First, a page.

Friday, November 24, 2017

Does the walker choose the path, or the path the walker?

Dad is still reading The Book of Dust and it is, as of now, the Christmas Season. So why not read a book about bells?

The necromantic kind, of course. Hence I just started Goldenhand by Garth Nix, sequel and final book of the classic Abhorsen Series. This is literally the second full Fantasy series I read by myself (back in the 7th Grade), so Goldenhand is like a joyous reunion and journey continuation with old and dear friends! 

I swear the Old Kingdom never looked so good. And I am doubly excited because, if that expanded map is any indication, we will travel further North this time.

Wednesday, November 22, 2017

Just finished The Battle of Hackham Heath

Just finished The Battle of Hackham Heath by John Flanagan, book #2 of his Ranger's Apprentice: The Early Years series.
All I can say is that it was a pleasure to see how Halt earned his legend and helped send Morgarath, once Baron and now Lord of the Mountains of Rain and Night, packing. Interesting learning more about the Warguls as a race, too.
The epilogue was a killer, of course, but how much eye rolling laughter can a guy take.

Saturday, November 18, 2017

The Colors of Madeleine

My father and I just finished A Tangle of Gold, book #3 of The Colors of Madeleine series by Jaclyn Moriarty.
An utterly unique cousin of Pullman's His Dark Materials, this series is so unlike anything we have ever read that I am at a loss as to how to describe it.
But I can reaffirm that the end does not justify the means, that one should never believe another is dead until you see the body, and that love and the bonds of friendship can be found in the strangest and most unlikely of places. That and alchemy. And this book gives the terms strange and unlikely a new meaning.

May a Gold ever sprinkle upon you Elliot Baranski & Madeleine, Keira, Princess Ko, Corrie-Lynn Baranski, Sergio, Belle & Jack, King Cetus & Queen Lyra, Agents Tovey and Kim, Abel & Petra Baranski, and all else of the incurably odd and charming Kingdom of Cello.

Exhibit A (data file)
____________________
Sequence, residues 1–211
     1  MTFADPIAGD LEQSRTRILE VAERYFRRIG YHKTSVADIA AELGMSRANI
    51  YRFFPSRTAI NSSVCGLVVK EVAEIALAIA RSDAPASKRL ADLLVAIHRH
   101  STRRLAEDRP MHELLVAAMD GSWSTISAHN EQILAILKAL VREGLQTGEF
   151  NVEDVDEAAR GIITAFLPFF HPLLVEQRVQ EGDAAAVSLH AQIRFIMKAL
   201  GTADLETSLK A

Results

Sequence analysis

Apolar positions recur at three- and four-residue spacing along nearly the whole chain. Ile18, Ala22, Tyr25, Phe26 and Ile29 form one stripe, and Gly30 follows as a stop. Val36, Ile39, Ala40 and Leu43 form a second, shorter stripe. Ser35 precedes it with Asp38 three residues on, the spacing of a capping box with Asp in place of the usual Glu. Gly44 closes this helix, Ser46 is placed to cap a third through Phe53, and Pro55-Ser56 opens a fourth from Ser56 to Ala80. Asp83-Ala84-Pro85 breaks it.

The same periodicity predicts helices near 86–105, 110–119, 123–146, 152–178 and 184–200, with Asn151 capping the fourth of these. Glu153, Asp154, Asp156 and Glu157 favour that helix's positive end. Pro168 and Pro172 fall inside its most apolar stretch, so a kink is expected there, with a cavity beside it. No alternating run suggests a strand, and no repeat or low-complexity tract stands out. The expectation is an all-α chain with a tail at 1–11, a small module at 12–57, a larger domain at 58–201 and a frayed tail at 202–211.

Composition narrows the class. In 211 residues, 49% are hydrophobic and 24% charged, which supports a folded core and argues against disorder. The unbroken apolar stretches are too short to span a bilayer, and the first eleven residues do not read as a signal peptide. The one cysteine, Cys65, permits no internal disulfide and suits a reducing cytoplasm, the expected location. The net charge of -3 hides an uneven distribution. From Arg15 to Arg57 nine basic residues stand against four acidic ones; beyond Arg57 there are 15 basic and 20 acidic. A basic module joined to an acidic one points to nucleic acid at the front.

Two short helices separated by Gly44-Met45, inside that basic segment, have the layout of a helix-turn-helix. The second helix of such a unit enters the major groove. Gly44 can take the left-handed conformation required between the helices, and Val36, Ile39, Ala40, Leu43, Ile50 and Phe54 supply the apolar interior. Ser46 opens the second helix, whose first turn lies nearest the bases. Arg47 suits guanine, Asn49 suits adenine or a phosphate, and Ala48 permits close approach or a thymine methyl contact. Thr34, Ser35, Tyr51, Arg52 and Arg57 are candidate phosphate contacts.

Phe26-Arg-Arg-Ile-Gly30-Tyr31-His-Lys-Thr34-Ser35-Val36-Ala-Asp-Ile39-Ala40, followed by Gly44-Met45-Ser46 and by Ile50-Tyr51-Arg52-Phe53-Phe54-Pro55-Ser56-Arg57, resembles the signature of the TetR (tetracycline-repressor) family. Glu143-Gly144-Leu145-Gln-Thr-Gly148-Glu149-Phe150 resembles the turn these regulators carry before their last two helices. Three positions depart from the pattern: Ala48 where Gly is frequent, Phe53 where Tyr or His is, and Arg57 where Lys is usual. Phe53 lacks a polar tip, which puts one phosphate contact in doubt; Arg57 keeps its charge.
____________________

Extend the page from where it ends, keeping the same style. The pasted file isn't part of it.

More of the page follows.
Monday, November 13, 2017

Amazon announces Lord of the Rings TV adaptation

Yes indeed, and you doubtless did not hear it here first, Amazon has announced a TV adaptation of The Lord of the Rings. Frankly, I am ambivalent 😶 as on the one hand I do not see how this could even begin to match the movies. Yet on the other, Amazon is working with the Tolkien Estate and Trust, HarperCollins and New Line and it is hard to fathom that such a team could produce a poor imitation. Also, I think the movies are set in such a high place that this cannot touch them. After all, if it fails then the movies look doubly good, but if the t.v. series succeeds then we can cheer.

What I find hilarious is that, according to the Hollywood Reporter, the series is Amazons attempt to find a challenger to the success HBO’s Game of Thrones and establish a big-name franchise. (I suppose that is one good GRRM's work did: showing the world that fantasy book adaptations are quite viable in T.V. series format.)

Monday, November 6, 2017

Just started The Battle of Hackham Heath

So my Dad and I had a little race going...whoever finished their current book first earned the right to be the first to read The Book of Dust. I lost by barely an hour, but luckily good books are never lacking and this seems to be the season for old favorites. Sooo...